Saturday, February 10, 2007

Definitive top ten list part I: 2005

My take on a definitive list for 2005's top 10 films. This isn't my own personal opinion but what I believe the overall consensus was. Call it "10 Most Successful Films."


  1. Brokeback Mountain, Ang Lee

Usually, in my system, the best picture Oscar gets a film an automatic number one spot, at least in the near future. However, it seems Brokeback Mountain which sparked an angry contingent of people insisting the film was robbed has more going for it. Like Saving Private Ryan, the last #1 on my lists to lose the best picture race, the closeness between Brokeback and Crash is reflected in the classic director/picture oscar split. More than that, however, Brokeback Mountain is ranked number one on both cream of the crop and all critics on the Unlike Crash, it was recognized by pretty much every major group (including the Golden Globes) as among the elite, and was one of three films to score an A- on EW’s sampling of entertainment reporters. It also swept the LA and NYC film critic awards, where Crash didn’t win any critics’ groups. It also made it big on the pop culture phenomenon and was one of the highest grossing pictures in the month of December. Brokeback also garnered oscar buzz and came closer to winning Oscars for more of its actors. Crash won the SAG award for best ensemble but it’s a better indication of the film in my opinion if it got more buzz for its Oscars, and Heath Ledger and Michelle Williams were contenders to win their categories.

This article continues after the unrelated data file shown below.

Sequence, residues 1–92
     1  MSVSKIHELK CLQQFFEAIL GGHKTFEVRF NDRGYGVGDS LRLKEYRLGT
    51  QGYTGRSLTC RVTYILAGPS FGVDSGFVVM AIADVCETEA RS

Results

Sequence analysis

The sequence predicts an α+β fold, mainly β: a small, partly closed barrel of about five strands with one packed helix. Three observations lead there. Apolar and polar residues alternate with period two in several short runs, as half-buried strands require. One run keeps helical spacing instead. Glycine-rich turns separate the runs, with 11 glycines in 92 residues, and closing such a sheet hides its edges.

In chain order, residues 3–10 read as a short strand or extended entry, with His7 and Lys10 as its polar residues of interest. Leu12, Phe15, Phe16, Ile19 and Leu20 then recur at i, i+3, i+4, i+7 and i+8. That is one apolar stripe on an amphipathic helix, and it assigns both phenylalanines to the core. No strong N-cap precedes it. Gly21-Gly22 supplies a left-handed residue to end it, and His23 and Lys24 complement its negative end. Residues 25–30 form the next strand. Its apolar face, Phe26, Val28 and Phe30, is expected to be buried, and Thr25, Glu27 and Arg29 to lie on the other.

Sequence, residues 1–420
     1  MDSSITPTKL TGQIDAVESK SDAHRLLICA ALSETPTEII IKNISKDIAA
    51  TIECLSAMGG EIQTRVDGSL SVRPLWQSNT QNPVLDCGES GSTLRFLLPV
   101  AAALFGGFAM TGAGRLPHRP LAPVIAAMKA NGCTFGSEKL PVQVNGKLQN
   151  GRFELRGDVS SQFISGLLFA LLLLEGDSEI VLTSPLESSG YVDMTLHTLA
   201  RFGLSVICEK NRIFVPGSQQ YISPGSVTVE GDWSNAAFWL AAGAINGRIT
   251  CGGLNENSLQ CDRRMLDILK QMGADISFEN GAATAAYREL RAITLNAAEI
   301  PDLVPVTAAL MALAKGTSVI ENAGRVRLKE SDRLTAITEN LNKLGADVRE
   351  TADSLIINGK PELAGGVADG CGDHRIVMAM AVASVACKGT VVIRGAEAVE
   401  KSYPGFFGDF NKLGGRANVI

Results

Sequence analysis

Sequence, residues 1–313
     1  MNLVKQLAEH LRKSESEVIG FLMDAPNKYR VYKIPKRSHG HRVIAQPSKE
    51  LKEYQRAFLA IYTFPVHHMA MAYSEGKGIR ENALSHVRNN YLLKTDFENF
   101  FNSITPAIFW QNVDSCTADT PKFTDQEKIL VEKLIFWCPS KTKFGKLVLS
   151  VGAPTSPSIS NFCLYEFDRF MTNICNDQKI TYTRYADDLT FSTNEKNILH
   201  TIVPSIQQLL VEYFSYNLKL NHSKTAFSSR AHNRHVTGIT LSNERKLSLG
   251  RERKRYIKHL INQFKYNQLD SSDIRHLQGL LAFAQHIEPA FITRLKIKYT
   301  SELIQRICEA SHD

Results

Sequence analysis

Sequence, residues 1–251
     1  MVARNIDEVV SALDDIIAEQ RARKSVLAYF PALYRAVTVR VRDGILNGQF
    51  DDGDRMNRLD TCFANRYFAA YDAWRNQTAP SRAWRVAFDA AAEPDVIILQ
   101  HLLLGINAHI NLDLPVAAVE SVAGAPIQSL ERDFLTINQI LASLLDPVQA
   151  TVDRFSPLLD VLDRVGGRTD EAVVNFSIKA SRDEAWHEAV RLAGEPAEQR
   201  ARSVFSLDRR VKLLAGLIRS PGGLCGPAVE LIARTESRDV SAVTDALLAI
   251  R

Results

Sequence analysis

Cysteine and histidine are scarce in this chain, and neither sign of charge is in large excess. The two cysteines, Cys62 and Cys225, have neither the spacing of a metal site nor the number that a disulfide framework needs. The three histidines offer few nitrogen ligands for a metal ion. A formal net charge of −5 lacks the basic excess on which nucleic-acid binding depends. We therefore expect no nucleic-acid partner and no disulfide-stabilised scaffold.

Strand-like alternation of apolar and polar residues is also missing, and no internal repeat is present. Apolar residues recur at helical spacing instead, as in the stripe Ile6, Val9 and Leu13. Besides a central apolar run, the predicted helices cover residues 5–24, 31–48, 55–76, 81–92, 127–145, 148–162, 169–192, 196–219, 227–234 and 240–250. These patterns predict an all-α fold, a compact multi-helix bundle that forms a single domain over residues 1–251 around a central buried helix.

1. Crash, Paul Haggis

Crash did win best picture and had an intense following, that included nation’s top film critic Roger Ebert who ranked it #1. It did win the best picture and secured its place in history and while people refer back to Crash’s “upset” as a debate between what should’ve won between “Crash” or “Brokeback Mountain,” so history is placing it in the top 2, at least.

  1. Good Night and Good Luck, George Clooney

The debate over rankings 3-5 of the best picture nominees is tough, but Good Night and Good Luck was considered a lock for best picture early on and was recognized by more groups including National Board of Review which gave it the top award, the Golden Globes. It also placed 3rd on movie critic’s top 10.